Monday, 14 November 2011

You're really stressing me out!

Researchers from the University of Hawaii, led by Professor Elaine Hatfield, discovered that second-hand stress can be passed from person to person in the workplace - and it seems to be contagious.

Washing your hands isn't going to deal with this sort of contagion, but recognising those personality types you work with that cause you stress may help.

"We call it 'people poisoning' and we describe the culprits as stress carriers," says Dr Chandra Patel, stress expert and author of The Complete Guide to Stress Management (Vermilion). "They induce stress in others without suffering it themselves."

Behavioural scientist Dr Robert Bramson has identified seven key personality types who cause difficulties and stress for those around them. Work out which category your tormentor fits into, the theory goes, and you can find coping strategies to reduce the stress they cause you.

1. Know-it-all experts ~ these can be divided into two types: those who might know what they are talking about and those who 'become' experts on the basis of very little information but present it with such authority that it's difficult not to feel overwhelmed by them.

2. Super-agreeables ~ they come across as good humoured and willing, but never deliver. They are exasperating because they agree everything in an effort to be liked, but constantly let you down.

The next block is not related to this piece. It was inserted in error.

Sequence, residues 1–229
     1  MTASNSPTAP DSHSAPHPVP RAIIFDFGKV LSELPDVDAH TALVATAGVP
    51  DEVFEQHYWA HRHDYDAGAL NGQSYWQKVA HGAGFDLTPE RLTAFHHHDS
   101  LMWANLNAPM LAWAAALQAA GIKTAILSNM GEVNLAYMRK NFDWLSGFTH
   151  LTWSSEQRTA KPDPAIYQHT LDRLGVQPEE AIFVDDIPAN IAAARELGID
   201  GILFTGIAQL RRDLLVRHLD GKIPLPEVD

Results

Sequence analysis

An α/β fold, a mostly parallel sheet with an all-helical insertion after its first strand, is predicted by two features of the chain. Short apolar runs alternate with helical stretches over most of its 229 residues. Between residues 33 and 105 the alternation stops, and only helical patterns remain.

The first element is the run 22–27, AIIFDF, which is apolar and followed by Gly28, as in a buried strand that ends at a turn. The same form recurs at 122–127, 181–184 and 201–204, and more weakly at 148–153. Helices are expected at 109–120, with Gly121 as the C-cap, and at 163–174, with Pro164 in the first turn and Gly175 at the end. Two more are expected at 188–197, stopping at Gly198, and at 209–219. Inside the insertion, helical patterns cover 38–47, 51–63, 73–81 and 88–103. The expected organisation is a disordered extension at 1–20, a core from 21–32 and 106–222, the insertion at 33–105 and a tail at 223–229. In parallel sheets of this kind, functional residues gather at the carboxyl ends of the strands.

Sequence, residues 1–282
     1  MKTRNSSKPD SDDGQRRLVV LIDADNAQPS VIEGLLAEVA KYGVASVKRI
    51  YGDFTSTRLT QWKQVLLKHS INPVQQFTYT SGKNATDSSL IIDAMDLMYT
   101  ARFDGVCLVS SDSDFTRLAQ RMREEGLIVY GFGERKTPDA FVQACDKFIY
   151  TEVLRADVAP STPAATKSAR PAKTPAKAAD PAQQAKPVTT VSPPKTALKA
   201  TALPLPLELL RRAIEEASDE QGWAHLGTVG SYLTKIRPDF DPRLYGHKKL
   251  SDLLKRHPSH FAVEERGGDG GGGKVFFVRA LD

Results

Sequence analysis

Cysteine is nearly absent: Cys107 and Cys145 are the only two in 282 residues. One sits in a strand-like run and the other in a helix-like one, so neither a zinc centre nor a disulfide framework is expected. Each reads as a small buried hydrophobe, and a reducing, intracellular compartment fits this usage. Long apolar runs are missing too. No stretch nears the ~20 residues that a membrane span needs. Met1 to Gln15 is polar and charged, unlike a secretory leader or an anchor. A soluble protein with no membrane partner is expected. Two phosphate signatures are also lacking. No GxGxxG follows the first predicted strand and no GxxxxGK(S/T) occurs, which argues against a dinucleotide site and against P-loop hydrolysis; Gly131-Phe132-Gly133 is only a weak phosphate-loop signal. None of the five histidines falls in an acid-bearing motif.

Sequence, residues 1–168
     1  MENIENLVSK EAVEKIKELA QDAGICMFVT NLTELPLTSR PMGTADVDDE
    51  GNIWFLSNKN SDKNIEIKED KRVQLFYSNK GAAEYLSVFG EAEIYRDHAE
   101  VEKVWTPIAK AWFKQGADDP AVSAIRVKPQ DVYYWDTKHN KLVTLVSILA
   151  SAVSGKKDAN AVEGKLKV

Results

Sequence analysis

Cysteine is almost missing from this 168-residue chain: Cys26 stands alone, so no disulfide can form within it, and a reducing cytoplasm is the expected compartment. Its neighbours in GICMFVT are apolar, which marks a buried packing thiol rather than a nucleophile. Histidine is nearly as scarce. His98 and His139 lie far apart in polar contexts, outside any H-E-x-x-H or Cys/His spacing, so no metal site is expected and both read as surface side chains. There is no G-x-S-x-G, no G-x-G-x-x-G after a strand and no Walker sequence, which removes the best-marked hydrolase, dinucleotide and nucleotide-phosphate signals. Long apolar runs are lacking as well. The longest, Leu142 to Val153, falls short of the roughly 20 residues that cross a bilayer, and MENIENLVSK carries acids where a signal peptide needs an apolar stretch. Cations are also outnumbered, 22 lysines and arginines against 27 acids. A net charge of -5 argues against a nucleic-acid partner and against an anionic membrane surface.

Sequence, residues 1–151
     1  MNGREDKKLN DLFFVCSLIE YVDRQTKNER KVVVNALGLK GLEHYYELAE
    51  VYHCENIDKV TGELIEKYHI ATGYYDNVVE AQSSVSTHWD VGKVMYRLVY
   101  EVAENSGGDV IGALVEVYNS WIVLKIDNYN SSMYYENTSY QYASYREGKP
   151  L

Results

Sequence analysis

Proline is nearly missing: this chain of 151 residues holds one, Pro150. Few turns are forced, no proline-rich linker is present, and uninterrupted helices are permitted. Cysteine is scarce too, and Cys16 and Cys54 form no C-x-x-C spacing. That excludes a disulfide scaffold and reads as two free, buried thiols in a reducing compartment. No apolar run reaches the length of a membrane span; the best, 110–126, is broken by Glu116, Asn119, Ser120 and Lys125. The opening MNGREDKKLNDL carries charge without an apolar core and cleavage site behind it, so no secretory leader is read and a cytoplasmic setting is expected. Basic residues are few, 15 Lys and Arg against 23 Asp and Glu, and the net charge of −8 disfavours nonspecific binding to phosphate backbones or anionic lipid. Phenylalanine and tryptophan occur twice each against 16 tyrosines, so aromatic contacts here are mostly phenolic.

3. Indecisive stallers ~ one of the most stress-inducing types, especially if you are dependent on their decision making to get your job done.

4. Pessimists ~ no matter what you say or how you present it, they always respond negatively and often respond with such conviction that it's difficult not to get hooked into their negative agenda.

5. Silent unresponsives ~ this type purposefully use silence to negatively control situations, undermining others, and it can be a form of passive aggression or a spiteful refusal to co-operate.

6. Hostile aggressives ~ basically these are the office bullies, who aim to get their own way by being hostile, using ridicule or sarcasm. Criticism tends to be personal and stress is induced by confusing, frustrating or even frightening you.

7. Complainers ~ constant whining while refusing to take steps to change those things they complain about is super stressful because they suck you in while ignoring helpful suggestions and wasting your time.

Whether it's your boss or a co-worker or someone who reports to you, identifying what it is about them that triggers a stressful response can help you see how to deal or avoid it.

It's also helpful to review your own behaviour, too and see what your default position is and how this might cause stress to those around you. None of us is infallible, all of us are human, but given how much time we spend at work - in the UK an average of 48 hours a week, way over the European standard - we owe it to each other to facilitate each other's and our own best use of time. Actively trying to reduce second-hand stress in the workplace helps us all concentrate and work better, more effectively and in less time.